MI5 Head Warns al-Qaida Plans 'Mass-Casualty Attacks Against the West'NEWSMAX
l-Qaida militants in Syria are plotting attacks to inflict mass casualties in the West, possibly against transport systems or "iconic targets," the head of Britain's MI5 Security Service said on Thursday.
Speaking after gunmen killed 12 people in an assault on a French satirical newspaper, MI5 boss Andrew Parker warned that a strike on the United Kingdom was highly likely.
"A group of core al-Qaida terrorists in Syria is planning mass-casualty attacks against the West," Director General Parker said in a rare public speech at MI5 headquarters in London. His last public speech was in October 2013.
Al-Qaida killed nearly 3,000 people by attacking the United States with hijacked passenger planes on Sept. 11, 2001. Militants inspired by the group killed 52 commuters in London on July 7, 2005, with suicide bombs.
Al-Qaida leader Osama bin Laden was killed by U.S. special forces in 2011, and the threat posed by the network to the West seemed to recede in recent years.
But spies in Europe and the United States have been troubled that al-Qaida militants from Pakistan have appeared in war-torn Syria in what some intelligence analysts say could be part of a plot to mount a major attack against the West.
Thursday's stark warning from one of the West's most influential spymasters mirrors a growing concern among Western political leaders and their Arab allies about the threat from the cauldron of militant groups in Syria and Iraq.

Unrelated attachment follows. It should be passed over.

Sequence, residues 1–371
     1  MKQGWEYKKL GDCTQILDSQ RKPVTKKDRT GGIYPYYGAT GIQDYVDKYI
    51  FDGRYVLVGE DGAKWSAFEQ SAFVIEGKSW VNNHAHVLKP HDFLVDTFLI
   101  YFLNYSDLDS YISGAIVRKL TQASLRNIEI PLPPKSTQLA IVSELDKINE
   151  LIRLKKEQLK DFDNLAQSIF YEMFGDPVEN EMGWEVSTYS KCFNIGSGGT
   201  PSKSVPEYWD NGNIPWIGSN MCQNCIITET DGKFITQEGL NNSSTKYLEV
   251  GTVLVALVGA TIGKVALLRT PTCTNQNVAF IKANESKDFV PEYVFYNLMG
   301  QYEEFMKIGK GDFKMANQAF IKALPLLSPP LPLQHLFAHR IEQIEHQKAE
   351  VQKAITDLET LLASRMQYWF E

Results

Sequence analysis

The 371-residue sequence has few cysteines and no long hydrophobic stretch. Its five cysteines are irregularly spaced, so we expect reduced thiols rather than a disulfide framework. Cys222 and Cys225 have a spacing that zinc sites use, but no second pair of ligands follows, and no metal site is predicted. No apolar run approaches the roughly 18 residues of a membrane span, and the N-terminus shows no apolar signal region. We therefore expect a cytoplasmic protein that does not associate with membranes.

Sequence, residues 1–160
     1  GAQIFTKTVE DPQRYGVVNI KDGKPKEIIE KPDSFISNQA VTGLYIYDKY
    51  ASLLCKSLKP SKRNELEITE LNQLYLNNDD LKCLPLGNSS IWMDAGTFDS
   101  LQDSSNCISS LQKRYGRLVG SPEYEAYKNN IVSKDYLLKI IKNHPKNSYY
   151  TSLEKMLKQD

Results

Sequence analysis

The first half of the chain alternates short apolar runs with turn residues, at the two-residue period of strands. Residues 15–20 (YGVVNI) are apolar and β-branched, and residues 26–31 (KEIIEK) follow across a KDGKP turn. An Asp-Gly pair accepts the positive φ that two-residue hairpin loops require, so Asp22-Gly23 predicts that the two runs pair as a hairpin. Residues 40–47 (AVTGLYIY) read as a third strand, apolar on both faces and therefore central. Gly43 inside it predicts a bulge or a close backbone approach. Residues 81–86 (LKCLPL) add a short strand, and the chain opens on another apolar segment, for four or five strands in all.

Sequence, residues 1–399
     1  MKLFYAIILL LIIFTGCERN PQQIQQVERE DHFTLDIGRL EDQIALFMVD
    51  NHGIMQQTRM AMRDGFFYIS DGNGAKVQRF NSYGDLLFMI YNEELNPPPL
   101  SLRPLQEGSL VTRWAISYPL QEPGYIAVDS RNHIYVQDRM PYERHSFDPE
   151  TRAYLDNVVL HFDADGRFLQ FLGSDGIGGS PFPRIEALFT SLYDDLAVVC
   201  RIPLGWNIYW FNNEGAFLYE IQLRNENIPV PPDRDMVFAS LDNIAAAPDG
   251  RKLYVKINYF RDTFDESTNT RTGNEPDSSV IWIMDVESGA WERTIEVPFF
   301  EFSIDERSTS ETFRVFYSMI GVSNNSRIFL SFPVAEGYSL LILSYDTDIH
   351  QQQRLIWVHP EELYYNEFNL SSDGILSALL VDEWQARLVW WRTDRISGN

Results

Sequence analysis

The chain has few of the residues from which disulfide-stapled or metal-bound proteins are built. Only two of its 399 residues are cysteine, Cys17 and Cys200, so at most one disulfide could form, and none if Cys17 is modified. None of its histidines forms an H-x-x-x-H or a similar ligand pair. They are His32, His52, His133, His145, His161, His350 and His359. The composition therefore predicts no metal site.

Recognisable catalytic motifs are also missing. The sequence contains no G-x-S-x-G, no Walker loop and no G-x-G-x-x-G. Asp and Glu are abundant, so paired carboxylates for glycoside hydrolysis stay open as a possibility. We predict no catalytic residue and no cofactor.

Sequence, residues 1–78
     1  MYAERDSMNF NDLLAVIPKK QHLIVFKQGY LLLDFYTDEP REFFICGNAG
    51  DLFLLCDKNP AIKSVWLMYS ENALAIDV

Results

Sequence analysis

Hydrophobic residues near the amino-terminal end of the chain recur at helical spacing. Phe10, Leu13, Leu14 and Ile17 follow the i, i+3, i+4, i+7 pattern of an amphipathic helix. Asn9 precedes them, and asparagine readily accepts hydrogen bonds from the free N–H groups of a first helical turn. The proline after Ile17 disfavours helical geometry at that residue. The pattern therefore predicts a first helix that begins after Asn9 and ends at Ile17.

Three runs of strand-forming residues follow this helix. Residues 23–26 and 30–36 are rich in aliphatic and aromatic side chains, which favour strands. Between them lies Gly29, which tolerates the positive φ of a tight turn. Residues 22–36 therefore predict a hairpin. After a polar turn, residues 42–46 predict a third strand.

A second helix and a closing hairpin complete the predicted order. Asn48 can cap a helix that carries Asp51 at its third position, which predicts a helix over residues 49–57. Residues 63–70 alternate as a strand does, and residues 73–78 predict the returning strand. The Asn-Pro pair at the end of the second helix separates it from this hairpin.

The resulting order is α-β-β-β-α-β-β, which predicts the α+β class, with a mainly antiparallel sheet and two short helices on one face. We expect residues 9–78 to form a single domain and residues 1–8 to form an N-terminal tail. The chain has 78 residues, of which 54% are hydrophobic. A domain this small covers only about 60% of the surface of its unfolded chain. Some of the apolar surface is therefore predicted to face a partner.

Parker said that about 600 British extremists had traveled to Syria, many joining the militant group that calls itself Islamic State (ISIS) and has taken control of swathes of Iraq and Syria.
The group, an offshoot of al-Qaida, has beheaded two U.S. journalists and an American and two British aid workers in an effort to put pressure on a U.S.-led international coalition bombing its fighters in Syria.
ISIS militants in Syria are plotting attacks on Britain and making sophisticated use of social media to incite British nationals to carry out violence, Parker said.
MI5, established in 1909 to counter German espionage ahead of World War I, stopped three potentially deadly "terrorist plots" against the U.K in recent months, he said.
"We face a very serious level of threat that is complex to combat and unlikely to abate significantly for some time," said Parker, who has argued strongly for more surveillance powers to spy on militant communications on the Internet.
He said security services need to have access to such communications.
"My sharpest concern as director general of MI5 is the growing gap between the increasingly challenging threat and the decreasing availability of capabilities to address it," he said.
"The dark places from where those who wish us harm can plot and plan are increasing," Parker said.
"We need to be able to access communications and obtain relevant data on those people when we have good reason."